Hydroponics: Methods of irrigation
There are various methods to suit differing needs.
Surface watering consists of applying water and nutrients from above the aggregate by means of a watering can with a rose, and removing the drainage plugs a few hours later to drain off excess liquid.
Auto-dilution surface watering is a refinement on the first method, the essential difference being that the water is fed onto the aggregate surface through a device which meters and injects concentrated nutrients into the water supply. This removes the need for storage tanks.
With drip culture, there are a number of variations, but the principle is the same: the nutrient solution is drip or trickle-fed onto the tray or bed from an upper tank and the surplus is caught in a sump, and returned to the top tank by means of a small pump. One of the problems here is the frequency with which the nozzles become blocked.
The continuous-flow system is a variation on the surface watering and sub-irrigation methods in which a tank or similar receptacle feeds the growing container through a hosepipe. The tank is raised above the container level to irrigate, and acts as a sump when lowered. This is useful for small units.
Sub-irrigation differs from the continuous flow system in that the nutrient solution is fed in from below the aggregate surface level, flooding the medium and then draining back into the reservoir to be recycled again.
In a wick system, the nutrient solution is carried by capillary action from a shallow tank to the roots via a wick made of glass-fibre or some other suitable material. There are other variations which also rely on capillary action. One system consists of growing plants on a net or bag of hydroleca, the bottom of which rests in a shallow layer of water and nutrient which is topped up with water or drained and renewed with dilute solutions as required.
The macro or major nutrients such as nitrogen, phosphorus, potassium, calcium, sulphur and magnesium are needed by all plants, just as withculture; but it is more important that, for example, potassium is supplied as a sulphate and not a chloride salt, because chloride acts as a poison in higher concentrations.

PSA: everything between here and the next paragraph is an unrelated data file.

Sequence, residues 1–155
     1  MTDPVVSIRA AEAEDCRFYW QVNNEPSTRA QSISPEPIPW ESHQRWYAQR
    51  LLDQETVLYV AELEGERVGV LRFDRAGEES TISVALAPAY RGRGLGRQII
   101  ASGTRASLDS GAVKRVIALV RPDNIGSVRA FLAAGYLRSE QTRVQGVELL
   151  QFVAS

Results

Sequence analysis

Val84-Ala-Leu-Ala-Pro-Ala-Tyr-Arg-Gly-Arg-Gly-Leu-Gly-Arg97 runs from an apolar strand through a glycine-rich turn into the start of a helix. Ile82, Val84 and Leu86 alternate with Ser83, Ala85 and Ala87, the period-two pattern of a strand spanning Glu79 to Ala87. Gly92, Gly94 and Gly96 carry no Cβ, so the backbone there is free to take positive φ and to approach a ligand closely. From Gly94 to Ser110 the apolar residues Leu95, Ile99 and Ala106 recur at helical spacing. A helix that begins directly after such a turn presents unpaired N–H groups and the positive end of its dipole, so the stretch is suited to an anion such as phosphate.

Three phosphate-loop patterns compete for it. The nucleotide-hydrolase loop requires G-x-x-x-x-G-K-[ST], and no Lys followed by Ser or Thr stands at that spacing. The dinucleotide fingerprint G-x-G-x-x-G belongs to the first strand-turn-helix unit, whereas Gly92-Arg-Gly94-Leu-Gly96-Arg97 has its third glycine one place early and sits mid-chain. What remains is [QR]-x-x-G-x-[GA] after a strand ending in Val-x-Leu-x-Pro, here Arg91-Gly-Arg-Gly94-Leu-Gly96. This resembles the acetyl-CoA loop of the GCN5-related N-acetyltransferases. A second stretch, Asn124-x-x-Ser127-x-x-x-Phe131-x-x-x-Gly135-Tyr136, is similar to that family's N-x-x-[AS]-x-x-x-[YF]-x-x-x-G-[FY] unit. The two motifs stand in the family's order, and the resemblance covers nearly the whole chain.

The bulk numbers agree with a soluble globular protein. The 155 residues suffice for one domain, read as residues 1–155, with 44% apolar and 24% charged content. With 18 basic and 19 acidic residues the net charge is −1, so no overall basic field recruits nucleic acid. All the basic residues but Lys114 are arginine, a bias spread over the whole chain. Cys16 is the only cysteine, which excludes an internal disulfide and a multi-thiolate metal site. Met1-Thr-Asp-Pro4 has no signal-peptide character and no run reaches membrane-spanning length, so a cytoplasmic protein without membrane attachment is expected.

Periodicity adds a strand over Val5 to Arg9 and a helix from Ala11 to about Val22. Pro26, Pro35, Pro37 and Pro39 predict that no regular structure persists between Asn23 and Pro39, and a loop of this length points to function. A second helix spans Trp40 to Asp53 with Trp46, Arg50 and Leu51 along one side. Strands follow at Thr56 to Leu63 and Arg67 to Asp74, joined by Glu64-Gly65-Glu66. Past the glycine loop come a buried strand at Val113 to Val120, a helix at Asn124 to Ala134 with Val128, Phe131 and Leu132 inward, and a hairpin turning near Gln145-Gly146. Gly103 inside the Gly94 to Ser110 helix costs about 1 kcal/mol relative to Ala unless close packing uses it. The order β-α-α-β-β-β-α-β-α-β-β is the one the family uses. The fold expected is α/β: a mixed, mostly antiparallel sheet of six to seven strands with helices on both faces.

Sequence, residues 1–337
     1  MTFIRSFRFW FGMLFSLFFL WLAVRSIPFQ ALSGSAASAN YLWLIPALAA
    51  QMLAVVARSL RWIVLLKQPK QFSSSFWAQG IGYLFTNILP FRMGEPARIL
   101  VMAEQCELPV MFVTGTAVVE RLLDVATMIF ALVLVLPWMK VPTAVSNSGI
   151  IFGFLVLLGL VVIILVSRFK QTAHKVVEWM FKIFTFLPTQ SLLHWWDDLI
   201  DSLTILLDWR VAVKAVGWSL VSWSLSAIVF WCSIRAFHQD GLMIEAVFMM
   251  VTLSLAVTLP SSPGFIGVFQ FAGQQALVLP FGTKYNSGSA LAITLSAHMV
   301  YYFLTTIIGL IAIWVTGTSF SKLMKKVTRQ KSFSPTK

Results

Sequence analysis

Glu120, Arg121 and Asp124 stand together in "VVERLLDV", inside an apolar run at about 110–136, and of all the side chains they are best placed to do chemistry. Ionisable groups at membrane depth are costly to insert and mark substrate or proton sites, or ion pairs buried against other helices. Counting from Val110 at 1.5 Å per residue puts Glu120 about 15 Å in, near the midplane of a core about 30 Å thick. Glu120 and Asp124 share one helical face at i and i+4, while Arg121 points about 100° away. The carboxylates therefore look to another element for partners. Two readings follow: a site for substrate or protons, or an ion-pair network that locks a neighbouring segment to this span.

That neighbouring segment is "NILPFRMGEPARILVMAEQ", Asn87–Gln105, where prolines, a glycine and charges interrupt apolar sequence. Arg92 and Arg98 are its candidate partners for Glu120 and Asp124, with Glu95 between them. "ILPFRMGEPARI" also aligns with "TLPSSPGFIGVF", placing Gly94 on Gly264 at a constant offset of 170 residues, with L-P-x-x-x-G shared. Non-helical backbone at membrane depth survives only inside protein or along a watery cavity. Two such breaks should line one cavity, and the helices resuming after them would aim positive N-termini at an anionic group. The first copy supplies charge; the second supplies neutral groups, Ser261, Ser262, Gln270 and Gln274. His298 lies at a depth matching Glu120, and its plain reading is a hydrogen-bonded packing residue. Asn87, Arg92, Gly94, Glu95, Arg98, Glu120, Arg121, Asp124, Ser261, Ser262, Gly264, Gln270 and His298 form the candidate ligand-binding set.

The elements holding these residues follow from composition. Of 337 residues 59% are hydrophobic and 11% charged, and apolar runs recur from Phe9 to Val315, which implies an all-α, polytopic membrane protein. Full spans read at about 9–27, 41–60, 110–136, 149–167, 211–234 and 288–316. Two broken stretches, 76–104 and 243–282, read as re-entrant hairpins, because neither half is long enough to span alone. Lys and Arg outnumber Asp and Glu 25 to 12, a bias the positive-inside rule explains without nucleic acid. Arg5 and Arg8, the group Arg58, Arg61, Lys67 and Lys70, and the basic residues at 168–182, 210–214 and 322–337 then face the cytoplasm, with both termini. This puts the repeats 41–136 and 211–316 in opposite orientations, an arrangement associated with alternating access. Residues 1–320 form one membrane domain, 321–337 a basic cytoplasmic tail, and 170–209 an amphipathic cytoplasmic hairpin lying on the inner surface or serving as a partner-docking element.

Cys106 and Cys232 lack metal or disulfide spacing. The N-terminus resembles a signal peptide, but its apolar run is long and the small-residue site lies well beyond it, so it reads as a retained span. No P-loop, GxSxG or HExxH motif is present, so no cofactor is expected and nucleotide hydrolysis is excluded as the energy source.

The biggest difference between hydroponics and normal soil culture is that in normal soil the trace elements, such as boron, copper and zinc, occur naturally due to weathering and breakdown. In soilless cultivation these trace elements, “although required only in minute quantities, have to be supplied, usually as slow-release ‘frits’ (which have the consistency of powdered glass) in the form of fertilizer.
The newcomer to hydroponics would do well to start with a proprietary made-up fertilizer mixture. Until experience of the system has been gained, mistakes in mixing up fertilizer can easily go undetected in the initial stages. However, the general principles of feeding plants are the same, whether they are grown in soil or hydroponically. The methods of fertilizer application, how- ever, differ in a number of ways.
The importance of using commercial-grade materials is that they contain sufficient trace elements, in the form of impurities, to avoid the necessity of having to prepare a special mixture.
The ingredients must be very thoroughly mixed, with any lumps broken up. The mixture should be used at the rate of 10 g (^ oz) to 4.5 L (1 gal) of water. This nutrient solution and any other should be renewed every 7-10 days. Some of the proprietary solutions may not need to be changed so often.
Always keep to the instructions for best results. Weigh the materials accurately and do not guess. As you gain experience, you can start to use more elaborate formulae, which can be found in specialized books on hydroponics.
You should always dissolve the ingredients in at least 75 percent of the total amount of water. For example, if making 16 L (3 gals) of solution, you should pour out at least 12 L (2-½ gals) of water before adding the chemicals.
A disadvantage of making your own nutrient solution is that some of the ingredients may not store well. Also, it will cost more to make small amounts of solution this way than to buy ready-mixed proprietary fertilizer powders. The commercial mixtures store more or less indefinitely as long as they are kept in sealed plastic bags in a cool bone-dry place, protected from direct sunlight.